Grand Lake votes to raise water rates by 6 percent annually for the next 10 years
June 25, 2008
Grand Lake Town Board members voted unanimously in favor of a 6 percent annual water-rate increase for the next 10 years, going into effect in April 2009.
The vote followed a 2007 capital improvement plan from Diamondback Engineering’s Water Analysis report that identified $2.1 million in needed improvements to the water system infrastructure followed by a water-rate study prepared by the national firm Raftelis Financial Consultants.
Included in the capital improvement summary is an additional 500,000 gallon water tank, priced at $983,000, to satisfy Grand Lake’s future growth.
The 6 percent increase, which will bump up the quarterly in-town water rate from $82 to $147 by 2018, should net the town $1.1 million in a capital fund to ensure “safe and reliable water delivery” for the future, according to town officials. This figure is based on “the premise that the town can get low-interest loans on big-ticket items (such as the tank) from the State Drinking Water Revolving Fund, thus greatly reducing the need for a large cash reserve to fund these items,” says a memo from Town Manager Shane Hale to board members.
Over the last 10 years nationwide, water rates have increased 3 to 4 percent faster than the rate of inflation, according to information presented by Raftelis Senior Consultant Tom Beckley.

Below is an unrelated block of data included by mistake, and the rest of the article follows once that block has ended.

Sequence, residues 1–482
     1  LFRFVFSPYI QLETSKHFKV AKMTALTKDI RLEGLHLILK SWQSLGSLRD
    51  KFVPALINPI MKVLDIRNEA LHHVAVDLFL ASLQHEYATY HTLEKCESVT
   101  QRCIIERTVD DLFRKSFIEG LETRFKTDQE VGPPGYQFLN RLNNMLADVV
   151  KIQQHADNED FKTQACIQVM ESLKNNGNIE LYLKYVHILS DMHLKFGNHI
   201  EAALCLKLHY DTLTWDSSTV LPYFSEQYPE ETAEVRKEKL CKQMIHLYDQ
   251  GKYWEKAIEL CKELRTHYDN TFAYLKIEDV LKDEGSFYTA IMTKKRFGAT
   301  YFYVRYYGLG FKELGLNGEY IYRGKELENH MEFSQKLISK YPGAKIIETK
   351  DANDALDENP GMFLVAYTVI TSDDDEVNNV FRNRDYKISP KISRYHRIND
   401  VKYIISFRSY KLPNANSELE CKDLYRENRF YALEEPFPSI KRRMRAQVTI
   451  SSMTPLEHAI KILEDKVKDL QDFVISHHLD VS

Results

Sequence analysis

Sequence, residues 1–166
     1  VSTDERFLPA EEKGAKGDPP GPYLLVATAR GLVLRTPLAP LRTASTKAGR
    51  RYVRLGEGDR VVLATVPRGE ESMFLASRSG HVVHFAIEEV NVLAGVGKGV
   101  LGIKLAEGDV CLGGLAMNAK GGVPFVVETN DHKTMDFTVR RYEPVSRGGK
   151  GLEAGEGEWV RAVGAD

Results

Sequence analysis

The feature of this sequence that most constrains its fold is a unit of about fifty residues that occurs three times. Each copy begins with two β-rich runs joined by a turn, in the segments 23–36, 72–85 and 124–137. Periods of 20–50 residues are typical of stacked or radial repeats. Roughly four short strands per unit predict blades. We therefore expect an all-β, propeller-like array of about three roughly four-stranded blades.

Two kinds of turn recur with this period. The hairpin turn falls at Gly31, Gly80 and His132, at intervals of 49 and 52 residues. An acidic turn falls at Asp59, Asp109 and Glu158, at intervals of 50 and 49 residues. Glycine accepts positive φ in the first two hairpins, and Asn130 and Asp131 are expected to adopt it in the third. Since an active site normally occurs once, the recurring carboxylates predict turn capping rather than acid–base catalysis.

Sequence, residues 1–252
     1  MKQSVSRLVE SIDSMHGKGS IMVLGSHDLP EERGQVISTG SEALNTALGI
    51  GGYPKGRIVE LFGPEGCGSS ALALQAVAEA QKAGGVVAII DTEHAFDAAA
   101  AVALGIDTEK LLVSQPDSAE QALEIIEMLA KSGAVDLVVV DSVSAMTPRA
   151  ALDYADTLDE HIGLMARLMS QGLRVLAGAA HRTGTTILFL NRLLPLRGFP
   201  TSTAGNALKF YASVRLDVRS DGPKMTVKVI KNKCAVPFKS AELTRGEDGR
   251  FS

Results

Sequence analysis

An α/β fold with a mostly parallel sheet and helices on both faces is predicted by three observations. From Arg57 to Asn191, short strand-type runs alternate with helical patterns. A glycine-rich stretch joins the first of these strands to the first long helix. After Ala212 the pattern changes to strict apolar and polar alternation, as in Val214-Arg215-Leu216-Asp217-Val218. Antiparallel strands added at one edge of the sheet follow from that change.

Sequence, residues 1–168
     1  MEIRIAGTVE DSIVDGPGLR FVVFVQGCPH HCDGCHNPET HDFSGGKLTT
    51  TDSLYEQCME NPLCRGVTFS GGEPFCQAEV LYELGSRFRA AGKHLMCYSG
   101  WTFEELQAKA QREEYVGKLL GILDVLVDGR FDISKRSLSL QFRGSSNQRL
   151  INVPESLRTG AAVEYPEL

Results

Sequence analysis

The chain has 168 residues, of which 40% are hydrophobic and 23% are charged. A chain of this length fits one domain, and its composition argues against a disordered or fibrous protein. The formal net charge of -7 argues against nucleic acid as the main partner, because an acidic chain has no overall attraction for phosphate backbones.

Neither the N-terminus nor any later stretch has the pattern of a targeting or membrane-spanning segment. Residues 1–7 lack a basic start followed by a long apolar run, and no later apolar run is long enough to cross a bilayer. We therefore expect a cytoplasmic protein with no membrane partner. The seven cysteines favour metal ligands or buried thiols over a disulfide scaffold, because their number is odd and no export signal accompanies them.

At the town’s workshop, Beckley presented a gallon of store-bought water with a $1.58 price tag, saying that the town’s water consumers will be getting the same “precious commodity” to their homes for 3.2 cents a gallon.
The rate increase reflects a quarterly rate of $87 in 2009. Beckley pointed out that Grand Lake’s current rate ” as well as its initial increase ” still means the town will have some of the lowest rates out of four other water providers in the county, including Kremmling, Winter park, Fraser and Winter Park West Water and Sanitation.
The rate increase marks the first since 2002, when it went up from $75 to the present $82.
“It’s the first comprehensive (water enterprise) plan since I’ve been on the board,” said Jim Peterson, board member for 10 years.
But there are a few citizens, such as Gay Shaffer, who only require water during the summer and drain it seasonally at non-winterized homes. Those like her may see the rate increase as compounding their already disproportionate share.
For many years Shaffer has been paying quarterly rates for a service she only uses a few months out of each year.
At the meeting, the homeowner humbly asked the town board if it could consider a way to lesson the load for those carrying more than their share.
Water Superintendent Dave Johnson and town staff addressed Shaffer’s inquiry, saying the system’s fixed rate is based on the convenience of water being available at any time.
“Whether the water is on or off, it’s there for you,” Johnson said.
Town investments for infrastructure for the purpose of making water available at the turn of a faucet require each user to pay a share. Unlike U.S. mail, making delivery of water available cannot start and stop at consumer request, said Hale. “The system doesn’t lend itself to that,” he said.
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